Dead, Following, Alive, Walking (2:1-10)
This passage is surreal. Dead people are following things – the course of this world, the prince of the power of the air, and the passions of their flesh. We begin to see that death is a way of life more than an ultimate end. Those who are caught in a life-dominating sin will quickly attest to the fact that death can be an experience with a heart that beats and breath in your lungs. The fact that both Heaven and Hell are eternal means that death is not “the finale” we think it is. Death is merely a way of life made permanent.
The contrast to dead people following things is enlivened people walking. Following is a mindless act; the smallest children play Follow-the-Leader. In this contrast, walking implies engagement and voluntary commitment. Contrary to the perspective of those “dead in their trespasses and sins” the greater freedom is experienced by those who have had God invade their living death.
Reflection: After conversion there is a temptation to believe that the “good life” is the life of sin, without God’s restrictions. We reveal this tendency when we longingly ask “How far is too far?” regarding our particular sin of choice. In what areas of life are you tempted to view death as life and life as death?
By Grace (2:5, 8)
It is so hard to wrap my mind around what it means for grace to be the “method” of salvation. This is particularly true when, as a counselor, people come to me for “practical” (meaning “how to”) answers. To do/get something by grace is the epitome of an oxy-moron for the practical minded. It is so simple it’s profound.
Yet this does become practical (irony intended). We are called to forgive as we have been forgiven (Eph 4:32). Those who offend us can do as little to “earn” our forgiveness as we did to earn God’s. Forgiveness is always of grace and it is always a choice of the offended party. As we follow the development of Ephesians, we see that we can only obey 4:32 when we accurately see ourselves in light of 2:1-10.
Application: What is the significance that a discussion of salvation is immediately followed by a d
iscussion of good works for our discussion of interpersonal forgiveness? Two principles emerge. First, true repentance always results in corresponding fruits of tangible change. But this fruit does not grow pre-forgiveness. Second, forgiveness (salvation) is only the start of the process of restoration (sanctification). Too often we treat forgiveness (the release of bitterness) as a synonym for restoration (relationships restored to their original condition). This leads to many hurts, poor choices, and other problems.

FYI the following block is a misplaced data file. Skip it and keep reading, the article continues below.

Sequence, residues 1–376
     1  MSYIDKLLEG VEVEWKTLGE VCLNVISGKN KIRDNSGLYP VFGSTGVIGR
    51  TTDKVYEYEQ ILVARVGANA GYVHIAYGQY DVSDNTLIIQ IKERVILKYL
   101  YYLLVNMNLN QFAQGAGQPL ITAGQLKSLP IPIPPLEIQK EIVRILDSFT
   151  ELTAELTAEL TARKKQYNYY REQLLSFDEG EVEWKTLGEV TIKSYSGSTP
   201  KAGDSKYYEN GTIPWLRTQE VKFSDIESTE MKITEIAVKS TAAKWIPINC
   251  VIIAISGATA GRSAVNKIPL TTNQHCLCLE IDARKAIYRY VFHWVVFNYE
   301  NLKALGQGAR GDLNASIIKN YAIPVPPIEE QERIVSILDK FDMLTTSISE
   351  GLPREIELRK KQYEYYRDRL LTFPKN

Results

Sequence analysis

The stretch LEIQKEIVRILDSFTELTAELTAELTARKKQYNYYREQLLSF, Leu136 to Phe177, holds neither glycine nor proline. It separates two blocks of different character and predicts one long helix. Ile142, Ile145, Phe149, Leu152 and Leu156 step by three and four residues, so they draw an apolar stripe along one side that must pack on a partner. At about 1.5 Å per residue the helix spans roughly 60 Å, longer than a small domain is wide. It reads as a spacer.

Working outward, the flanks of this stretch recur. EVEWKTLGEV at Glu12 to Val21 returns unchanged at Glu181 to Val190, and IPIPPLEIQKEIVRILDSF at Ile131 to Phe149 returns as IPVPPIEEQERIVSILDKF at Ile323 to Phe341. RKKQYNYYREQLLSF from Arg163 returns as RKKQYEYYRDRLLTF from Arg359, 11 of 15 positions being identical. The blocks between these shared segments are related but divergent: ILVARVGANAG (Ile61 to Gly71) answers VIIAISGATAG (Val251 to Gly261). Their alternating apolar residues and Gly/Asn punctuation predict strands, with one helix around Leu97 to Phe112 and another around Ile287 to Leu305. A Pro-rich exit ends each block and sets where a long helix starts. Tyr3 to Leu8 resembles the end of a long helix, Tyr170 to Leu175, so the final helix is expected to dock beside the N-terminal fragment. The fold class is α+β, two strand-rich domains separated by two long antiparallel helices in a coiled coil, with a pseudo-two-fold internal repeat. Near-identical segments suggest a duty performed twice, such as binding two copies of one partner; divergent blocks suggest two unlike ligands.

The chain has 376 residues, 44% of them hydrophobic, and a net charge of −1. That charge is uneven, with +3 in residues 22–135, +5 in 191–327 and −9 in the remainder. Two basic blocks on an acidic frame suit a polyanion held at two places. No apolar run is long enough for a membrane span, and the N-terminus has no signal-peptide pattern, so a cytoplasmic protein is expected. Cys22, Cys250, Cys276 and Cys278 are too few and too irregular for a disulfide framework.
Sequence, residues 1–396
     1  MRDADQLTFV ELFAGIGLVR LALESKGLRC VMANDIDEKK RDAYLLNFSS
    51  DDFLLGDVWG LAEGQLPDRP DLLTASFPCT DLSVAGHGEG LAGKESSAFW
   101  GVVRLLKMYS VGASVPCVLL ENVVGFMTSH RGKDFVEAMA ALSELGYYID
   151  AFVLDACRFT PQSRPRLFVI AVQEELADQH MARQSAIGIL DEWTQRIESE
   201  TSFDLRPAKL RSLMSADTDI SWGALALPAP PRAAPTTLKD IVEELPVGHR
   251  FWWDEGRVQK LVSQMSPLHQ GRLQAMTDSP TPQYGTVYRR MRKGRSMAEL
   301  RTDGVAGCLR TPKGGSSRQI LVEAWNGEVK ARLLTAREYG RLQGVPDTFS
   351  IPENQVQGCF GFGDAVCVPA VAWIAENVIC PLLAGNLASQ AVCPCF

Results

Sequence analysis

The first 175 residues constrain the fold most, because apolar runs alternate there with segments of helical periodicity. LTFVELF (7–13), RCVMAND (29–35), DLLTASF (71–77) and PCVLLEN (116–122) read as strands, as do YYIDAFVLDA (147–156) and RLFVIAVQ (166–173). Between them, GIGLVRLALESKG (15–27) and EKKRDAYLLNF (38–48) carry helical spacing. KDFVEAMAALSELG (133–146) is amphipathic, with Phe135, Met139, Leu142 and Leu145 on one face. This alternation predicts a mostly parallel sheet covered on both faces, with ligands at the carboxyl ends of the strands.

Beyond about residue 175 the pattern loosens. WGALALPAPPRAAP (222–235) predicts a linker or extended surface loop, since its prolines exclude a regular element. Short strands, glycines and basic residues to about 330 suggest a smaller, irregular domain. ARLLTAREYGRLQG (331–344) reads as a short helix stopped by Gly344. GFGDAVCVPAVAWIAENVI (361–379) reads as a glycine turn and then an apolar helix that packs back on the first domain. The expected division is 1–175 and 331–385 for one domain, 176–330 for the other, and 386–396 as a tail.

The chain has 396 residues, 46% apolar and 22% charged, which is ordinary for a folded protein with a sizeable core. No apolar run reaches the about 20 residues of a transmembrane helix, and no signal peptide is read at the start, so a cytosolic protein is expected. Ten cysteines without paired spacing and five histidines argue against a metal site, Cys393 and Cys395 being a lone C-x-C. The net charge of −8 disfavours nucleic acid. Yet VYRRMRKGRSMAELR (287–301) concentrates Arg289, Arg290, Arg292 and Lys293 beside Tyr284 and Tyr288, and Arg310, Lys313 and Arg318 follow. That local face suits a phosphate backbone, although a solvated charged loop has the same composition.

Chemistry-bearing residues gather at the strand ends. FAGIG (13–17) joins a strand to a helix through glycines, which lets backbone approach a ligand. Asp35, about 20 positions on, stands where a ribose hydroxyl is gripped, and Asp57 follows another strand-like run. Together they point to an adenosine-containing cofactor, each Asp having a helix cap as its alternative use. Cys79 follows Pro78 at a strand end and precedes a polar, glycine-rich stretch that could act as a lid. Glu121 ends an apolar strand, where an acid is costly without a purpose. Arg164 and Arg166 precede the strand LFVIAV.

Created for “Good” Works
Have you ever noticed how content the Bible is with the word “good”? Genesis 1 is filled with “good.” God does not seem to be competing with anyone, so words like better and best are unnecessary. In Ephesians 2:9-10 Paul uses the contented word “good” to describe our calling and links it with our other call not to boast.
That should be liberating. Often we get distracted by a fear of failure because wrapped up in the comparative language of being “great.” That is the kind of language that led the disciples to start bickering (Luke 22:24). It is the language of fear and division. It is the language that believes God loves for us to grow as our performance improves.
Use the following questions to help you assess whether you are fulfilling your calling with grace-based contentment or performance-based works righteousness.
- Am I intimidated by or jealous of the gifts and abilities of other Christians?
- Do I evaluate my work by comparing it with other’s work?
- Do I avoid doing or saying things in front of others?
- Do I get embarrassed when people comment on my work?
- Do I apologize for mistakes that are not moral wrongs?
- Do I think I am a good Christian because I have impressive gifts?
- Do I assume Christians “on stage” have it all together?
- Do I do extra good works to avoid feeling guilty?
Allow these questions to push you towards contentment in God’s grace and motivate you to fulfill God’s calling with joy rather than fear.